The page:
porphyry

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por·phy·ry

 (pôr′fə-rē)
n. pl. por·phy·ries
1. Any of various varieties of reddish-purple rock, often containing light-colored crystals, used as a decorative stone.
2. Geology Rock containing relatively large conspicuous crystals, especially of feldspar, in a fine-grained igneous matrix.

[Middle English porphiri, porfurie, purplish-red porphyry, from Old French porfire, from Italian porfiro, from Medieval Latin porphyrium, from Latin porphyrītēs, from Greek porphurītēs, from porphurā, mollusk yielding Tyrian purple, Tyrian purple garment; see purple.]

porphyry

(ˈpɔːfɪrɪ)
n, pl -ries
1. (Geological Science) any igneous rock with large crystals embedded in a finer groundmass of minerals
2. (Geological Science) obsolete a reddish-purple rock consisting of large crystals of feldspar in a finer groundmass of feldspar, hornblende, etc
[C14 porfurie, from Late Latin porphyrītēs, from Greek porphuritēs (lithos) purple (stone), from porphuros purple]

Porphyry

(ˈpɔːfɪrɪ)
n
(Biography) original name Malchus. 232–305 ad, Greek Neo-Platonist philosopher, born in Syria; disciple and biographer of Plotinus

por•phy•ry

(ˈpɔr fə ri)

n., pl. -ries.
1. a very hard rock, anciently quarried in Egypt, having a dark, purplish red groundmass containing small crystals of feldspar.
2. any igneous rock containing coarse crystals, as phenocrysts, in a finer-grained groundmass.
[1350–1400; Middle English porfurie, porfirie < Medieval Latin porphyreum, alter. of Latin porphyrītēs < Greek porphyritēs (líthos) porphyritic (i.e., purplish) stone =pórphyr(os) purple + -ītēs; see -ite1]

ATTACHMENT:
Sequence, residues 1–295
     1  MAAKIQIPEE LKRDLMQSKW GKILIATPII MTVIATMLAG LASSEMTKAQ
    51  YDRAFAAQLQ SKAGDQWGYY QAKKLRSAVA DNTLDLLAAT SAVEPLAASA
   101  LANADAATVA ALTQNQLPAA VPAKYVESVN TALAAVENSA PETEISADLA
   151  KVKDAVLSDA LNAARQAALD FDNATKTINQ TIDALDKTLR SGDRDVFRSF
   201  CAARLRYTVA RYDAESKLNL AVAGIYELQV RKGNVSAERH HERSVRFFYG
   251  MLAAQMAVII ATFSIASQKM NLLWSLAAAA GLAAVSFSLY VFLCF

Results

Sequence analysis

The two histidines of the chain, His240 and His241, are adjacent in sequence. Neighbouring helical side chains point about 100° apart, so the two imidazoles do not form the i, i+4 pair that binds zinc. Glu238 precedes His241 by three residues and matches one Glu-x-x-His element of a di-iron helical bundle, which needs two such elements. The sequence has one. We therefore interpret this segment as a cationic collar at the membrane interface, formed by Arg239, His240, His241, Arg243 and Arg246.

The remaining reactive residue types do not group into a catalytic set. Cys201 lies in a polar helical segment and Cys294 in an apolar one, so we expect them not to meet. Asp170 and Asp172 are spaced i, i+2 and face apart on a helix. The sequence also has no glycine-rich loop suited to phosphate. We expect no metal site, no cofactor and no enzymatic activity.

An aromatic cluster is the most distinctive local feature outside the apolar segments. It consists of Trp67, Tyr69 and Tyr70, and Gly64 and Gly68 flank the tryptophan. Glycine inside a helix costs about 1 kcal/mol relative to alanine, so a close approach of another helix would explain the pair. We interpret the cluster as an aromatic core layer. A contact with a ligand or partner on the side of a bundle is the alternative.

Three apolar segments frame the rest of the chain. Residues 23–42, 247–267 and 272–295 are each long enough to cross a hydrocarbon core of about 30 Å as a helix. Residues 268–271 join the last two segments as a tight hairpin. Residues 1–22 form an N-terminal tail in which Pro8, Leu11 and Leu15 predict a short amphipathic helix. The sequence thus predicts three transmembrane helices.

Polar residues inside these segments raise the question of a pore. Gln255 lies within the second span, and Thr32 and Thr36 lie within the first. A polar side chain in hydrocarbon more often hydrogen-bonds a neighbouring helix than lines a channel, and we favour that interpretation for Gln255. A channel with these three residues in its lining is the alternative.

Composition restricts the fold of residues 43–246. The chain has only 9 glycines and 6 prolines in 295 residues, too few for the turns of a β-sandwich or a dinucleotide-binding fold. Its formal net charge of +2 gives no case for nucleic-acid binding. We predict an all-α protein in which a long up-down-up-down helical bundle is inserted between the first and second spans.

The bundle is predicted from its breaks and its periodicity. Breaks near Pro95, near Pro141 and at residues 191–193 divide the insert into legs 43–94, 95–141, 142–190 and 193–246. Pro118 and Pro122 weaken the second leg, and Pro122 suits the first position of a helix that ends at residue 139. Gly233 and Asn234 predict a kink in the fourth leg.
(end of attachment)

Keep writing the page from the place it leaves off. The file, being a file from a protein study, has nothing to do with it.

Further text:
por`phy•rit′ic (-ˈrɪt ɪk) adj.

por·phy·ry

(pôr′fə-rē)
A fine-grained igneous rock containing some relatively large crystals, especially of feldspar.
ThesaurusAntonymsRelated WordsSynonymsLegend:
Noun1.porphyry - any igneous rock with crystals embedded in a finer groundmass of mineralsporphyry - any igneous rock with crystals embedded in a finer groundmass of minerals
groundmass - (geology) the matrix of fine-grained crystalline material in which larger crystals are embedded
igneous rock - rock formed by the solidification of molten magma
Translations

porphyry

[ˈpɔːfɪrɪ] Npórfido m

porphyry

nPorphyr m
References in periodicals archive ?
Among his topics are the integration of humanism in the educational program of the Jesuits, Jesuits between religion and science, the Jesuits and the Janus-faced history of natural sciences, Rodrigo de Arriaga on immortality as a response to Platonism, and the Porphyrian Tree in philosophy of the 17th and 18th centuries.
Evidently, Augustine read a few Plotinian and Porphyrian treatises, but those he had read he knew well.
This book introduces the quasi Porphyrian trees that serve to structure much of the information Fludd presents (this compendious method of presentation was employed earlier by Artusi in his summary of Zarlino's work).